Education isn’t as important to employers as candidates often think it is. While most job ads out there will list some educational certification as a requirement for the role, education on a resume is one of the things that employers spend the least amount of time on. So while it is still important that your resume highlight your education – don’t take up too much space on it.

List your highest level of education first. If you have a university degree or college diplomas or certifications, do not list your high school.

If you’re light on work experience, make sure to highlight any courses, projects, or certifications that can be particularly relevant to the jobs you’re targeting. Research and documentation, public speaking and presentations, writing and editing, teamwork and organization, many of these sought-after abilities are learned and practiced throughout your education.

For example:

    As well as honing and practicing advanced research and writing skills, earning a Master’s Degree in Art History has allowed me the opportunity to prepare numerous informative and entertaining presentations for large and diverse audiences.

    A skilled communicator, I have a deep knowledge of many world cultures and traditions and fluency in English, French, and Spanish. I am also an expert-level user of Adobe Photoshop, Illustrator, Macromedia Flash, and Microsoft PowerPoint as well as the essential web and documentation tools.


Read job descriptions for the types of positions you’re targeting closely. What kinds of skills and experiences do employers seem to be looking for? Highlight your own credentials that most closely match these. Pay particular attention to the language used in job postings.

Reading many job postings in your field will give you a good understanding of the industry terms used to describe the skill sets that companies are looking for. These terms also tend to be the same words that recruitment software programs are looking for.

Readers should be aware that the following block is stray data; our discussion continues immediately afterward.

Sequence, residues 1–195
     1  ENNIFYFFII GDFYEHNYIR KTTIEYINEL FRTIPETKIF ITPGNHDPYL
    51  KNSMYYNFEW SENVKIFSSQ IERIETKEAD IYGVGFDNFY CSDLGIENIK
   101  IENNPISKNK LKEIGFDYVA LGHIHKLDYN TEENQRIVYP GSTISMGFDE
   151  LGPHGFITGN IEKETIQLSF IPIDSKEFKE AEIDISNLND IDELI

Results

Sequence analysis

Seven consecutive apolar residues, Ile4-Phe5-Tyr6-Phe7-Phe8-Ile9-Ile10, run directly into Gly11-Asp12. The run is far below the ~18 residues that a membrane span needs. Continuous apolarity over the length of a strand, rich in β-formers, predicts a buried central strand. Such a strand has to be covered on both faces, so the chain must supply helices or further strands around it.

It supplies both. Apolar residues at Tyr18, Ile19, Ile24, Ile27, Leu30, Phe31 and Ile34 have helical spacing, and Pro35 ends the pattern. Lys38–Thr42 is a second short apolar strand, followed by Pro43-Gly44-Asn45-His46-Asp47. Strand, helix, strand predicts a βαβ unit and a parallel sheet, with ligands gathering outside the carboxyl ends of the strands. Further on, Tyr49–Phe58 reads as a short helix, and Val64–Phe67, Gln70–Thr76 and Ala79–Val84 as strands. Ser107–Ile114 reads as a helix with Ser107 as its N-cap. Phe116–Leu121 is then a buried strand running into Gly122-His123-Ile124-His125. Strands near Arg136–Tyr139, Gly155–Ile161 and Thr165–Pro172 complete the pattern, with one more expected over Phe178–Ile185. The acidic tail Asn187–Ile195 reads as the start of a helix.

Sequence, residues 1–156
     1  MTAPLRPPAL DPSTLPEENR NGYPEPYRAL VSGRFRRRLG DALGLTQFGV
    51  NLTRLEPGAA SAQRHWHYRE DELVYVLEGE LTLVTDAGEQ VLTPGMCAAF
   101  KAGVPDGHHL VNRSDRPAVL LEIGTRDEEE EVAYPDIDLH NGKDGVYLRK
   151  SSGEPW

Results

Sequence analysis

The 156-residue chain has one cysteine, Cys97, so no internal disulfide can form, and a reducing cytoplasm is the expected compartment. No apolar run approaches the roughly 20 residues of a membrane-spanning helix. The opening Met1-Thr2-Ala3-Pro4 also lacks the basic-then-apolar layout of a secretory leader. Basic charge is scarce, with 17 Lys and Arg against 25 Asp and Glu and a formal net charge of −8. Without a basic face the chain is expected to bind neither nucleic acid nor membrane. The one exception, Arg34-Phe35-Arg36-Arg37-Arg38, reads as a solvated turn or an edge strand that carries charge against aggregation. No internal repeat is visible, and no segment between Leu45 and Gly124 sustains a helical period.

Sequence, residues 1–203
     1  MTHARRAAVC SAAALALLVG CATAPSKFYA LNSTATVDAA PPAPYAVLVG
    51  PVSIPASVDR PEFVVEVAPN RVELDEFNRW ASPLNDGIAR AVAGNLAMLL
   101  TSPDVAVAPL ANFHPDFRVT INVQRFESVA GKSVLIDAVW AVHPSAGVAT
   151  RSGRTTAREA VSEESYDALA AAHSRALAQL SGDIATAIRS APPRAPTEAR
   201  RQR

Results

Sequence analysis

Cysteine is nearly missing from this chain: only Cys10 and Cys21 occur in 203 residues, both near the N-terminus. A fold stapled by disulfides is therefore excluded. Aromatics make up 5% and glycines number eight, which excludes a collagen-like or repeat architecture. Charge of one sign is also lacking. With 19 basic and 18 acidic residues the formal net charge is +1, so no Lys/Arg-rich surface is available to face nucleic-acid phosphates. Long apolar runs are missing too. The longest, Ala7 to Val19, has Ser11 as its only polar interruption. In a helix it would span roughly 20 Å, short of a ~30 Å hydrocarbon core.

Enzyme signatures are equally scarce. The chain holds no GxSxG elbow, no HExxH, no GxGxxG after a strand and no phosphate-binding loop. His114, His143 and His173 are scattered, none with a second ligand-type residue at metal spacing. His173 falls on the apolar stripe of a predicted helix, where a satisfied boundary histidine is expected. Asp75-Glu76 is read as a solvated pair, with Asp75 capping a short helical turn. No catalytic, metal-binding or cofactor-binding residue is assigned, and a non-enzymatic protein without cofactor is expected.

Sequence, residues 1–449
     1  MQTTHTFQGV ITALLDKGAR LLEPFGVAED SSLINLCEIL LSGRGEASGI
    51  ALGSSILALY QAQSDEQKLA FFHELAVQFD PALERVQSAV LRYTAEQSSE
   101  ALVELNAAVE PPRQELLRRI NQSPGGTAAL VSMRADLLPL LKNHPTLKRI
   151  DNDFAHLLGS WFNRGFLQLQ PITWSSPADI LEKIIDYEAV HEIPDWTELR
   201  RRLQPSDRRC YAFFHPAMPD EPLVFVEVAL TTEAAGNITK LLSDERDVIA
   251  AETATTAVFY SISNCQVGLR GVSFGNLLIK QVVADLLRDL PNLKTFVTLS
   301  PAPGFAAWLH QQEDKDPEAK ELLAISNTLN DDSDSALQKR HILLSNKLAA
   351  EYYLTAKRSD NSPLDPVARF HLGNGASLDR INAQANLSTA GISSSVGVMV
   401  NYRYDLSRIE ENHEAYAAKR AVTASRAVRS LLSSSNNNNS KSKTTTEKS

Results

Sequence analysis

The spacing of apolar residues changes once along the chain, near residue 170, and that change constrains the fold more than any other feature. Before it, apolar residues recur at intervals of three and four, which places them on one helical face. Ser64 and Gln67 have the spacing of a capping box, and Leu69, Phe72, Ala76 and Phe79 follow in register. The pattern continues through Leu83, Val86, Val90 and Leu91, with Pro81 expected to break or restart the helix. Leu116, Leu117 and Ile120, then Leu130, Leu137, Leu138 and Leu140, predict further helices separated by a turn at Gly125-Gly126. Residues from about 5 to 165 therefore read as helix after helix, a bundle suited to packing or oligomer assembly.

These recruitment software or Applicant Tracking Systems (ATS) operate by linking keywords found in resumes to qualifications required to perform jobs. The computer software, after scanning resumes, recommends to hiring managers which resumes seem most relevant – and therefore worth taking the time for a human recruiter to review. This helps employers filter applications, narrowing them down – but if you’re missing the requisite keywords in your resume, your application could get the boot without ever being read.

For example:

    If you are looking for a great sales position, solution selling, business development and account management might be great keywords to use throughout your resume.

    If you are looking for a management position, leadership, team, and supervise might be keywords you should consider for your resume.

Here’s a look at the exact keywords employers are using for ten hot sectors. Bear in mind that these change constantly, so be sure to look at recent job descriptions when preparing your resume.

Other relevant skills and accomplishments:

If you have other skills that you would like to call attention to, you can simply include a bulleted list of relevant abilities, software, languages, or certifications.

For example:

  • St. John Ambulance First Aid Certified
  • Organize annual fundraiser for In The Street shelter – over $50,000 in donations to date
  • Native fluency in English and French

Dos and don’ts

Unless you are a graphic designer and your resume is a portfolio of your abilities, don’t include illustrations or images in your resume.

Don’t include “References available on request” – or actual references – in your resume. This is a waste of space and can make your document look dated. Employers assume you’ll provide references if they ask for them.

Don’t worry about keeping your resume to one page. (But also don’t let it run on to five pages.) Two pages is fine, three is pushing it, but as long as the information you have provided is well-written, error-free, and relevant to the job at hand, employers will keep reading.

Do make good use of white space. Use bolded headers, short paragraphs and bulleted lists. You want your resume to be visually appealing to read and not a hard-to-scan dense block of text.

Don’t list your personal interests and hobbies unless you know that they are particularly relevant to the job you’re applying for – and would make you an asset to the team.

Remember, your resume is a marketing document. It isn’t actually about you. It’s about the needs of the employer for the job you want. Make it as relevant as possible to that audience to that audience.

Need help getting started? Here is a basic Microsoft Word resume that you can use as a template.